Poland has passed a controversial new media law which has the potential for major curbs on freedom of speech in the country.
The new law, which was approved by Polish MPs on Wednesday, has been heavily criticised as curbing media freedom. In particular, it prevents companies from outside the European Economic Area from holding a controlling stake in local media companies.
Critics have also argued that the law is an open attack on the independence of TVN24, the country’s most-watched news channel. The channel has been majority owned by Discovery since 2015 but its licence is due for renewal.
The network is often critical of the far-rights ruling Law and Justice (PiS) party, and it has been argued that the new law opens a path for a state-controlled company to take ownership of TVN. This move would not be unprecedented, with regional newspaper group Polska Press recently being taken over by state-owned energy company PKN Orlen.
“Attack” on freedom of speech
In a joint statement, Discovery and TVN said: “TVN/Discovery is extremely concerned about the result of the vote in the Sejm of the Republic of Poland on the amendment to the Broadcasting Act, but remains resolute in its defense of the rights of the Polish people and the TVN business. The act as adopted is an attack on core democratic principles of freedom of speech, the independence of the media and is directly discriminatory against TVN and Discovery.
“The outcome should also be deeply concerning to any enterprise investing in Poland. Through this vote, Poland directly undermines the values that have connected Poland with Europe, uproots the foundation of the Polish-American relationship. The Polish parliament has opted to restrict the right of Polish viewers to choose and access reliable and independent information.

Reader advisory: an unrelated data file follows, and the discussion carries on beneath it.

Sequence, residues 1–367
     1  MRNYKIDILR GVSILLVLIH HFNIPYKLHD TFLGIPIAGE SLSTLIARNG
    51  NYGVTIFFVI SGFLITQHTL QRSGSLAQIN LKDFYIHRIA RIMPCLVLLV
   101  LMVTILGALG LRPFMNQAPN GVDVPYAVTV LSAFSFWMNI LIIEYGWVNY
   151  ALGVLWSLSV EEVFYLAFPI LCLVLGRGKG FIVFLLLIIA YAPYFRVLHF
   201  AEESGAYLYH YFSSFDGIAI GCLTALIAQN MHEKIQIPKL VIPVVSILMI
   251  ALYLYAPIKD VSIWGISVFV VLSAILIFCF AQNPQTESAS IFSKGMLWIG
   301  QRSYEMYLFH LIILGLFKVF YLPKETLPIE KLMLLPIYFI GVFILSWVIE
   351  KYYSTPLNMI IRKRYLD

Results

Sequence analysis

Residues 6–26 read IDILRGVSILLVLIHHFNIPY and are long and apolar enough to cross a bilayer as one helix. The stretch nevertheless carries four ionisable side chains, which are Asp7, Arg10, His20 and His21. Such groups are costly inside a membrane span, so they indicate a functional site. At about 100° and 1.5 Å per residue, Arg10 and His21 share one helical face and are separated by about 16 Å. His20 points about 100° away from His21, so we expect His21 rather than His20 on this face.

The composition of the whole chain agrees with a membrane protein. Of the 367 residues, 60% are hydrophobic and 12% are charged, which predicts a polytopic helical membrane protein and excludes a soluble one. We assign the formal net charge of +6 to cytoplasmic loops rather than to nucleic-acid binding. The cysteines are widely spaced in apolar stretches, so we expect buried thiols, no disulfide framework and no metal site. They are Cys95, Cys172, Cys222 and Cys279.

“We appeal to the upper house of the Polish parliament – the Senate of the Republic of Poland – and the President of the Republic of Poland, Andrzej Duda, to oppose this project and prevent it from becoming law. Poland’s future as a democratic country in the international arena and its credibility in the eyes of investors depend on this. We remain hopeful that the Sejm of the Republic of Poland will reconsider its vote, should it have the opportunity.”
For his part, Polish prime minister Mateusz Morawiecki has said that the law does not target TVN in particular and told reporters: “We do not have any intentions regarding a specific TV channel, it is just about tightening the regulations, so that there is no situation in which companies from outside the European Union would buy media in Poland.”
While the law has passed, the country’s ruling coalition lost a number of key votes and the law was narrowly passed by 228 votes for and 216 against. A large number of MPs were heard chanting ‘fraudsters’ at the government.
Critics of the ruling will hope that the lost votes will lead to further instability in the controversial far-right government and a potential vote of no confidence ahead of the next elections scheduled for 2023. In the event that a new government is formed, rolling back this new law would be high up on the agenda.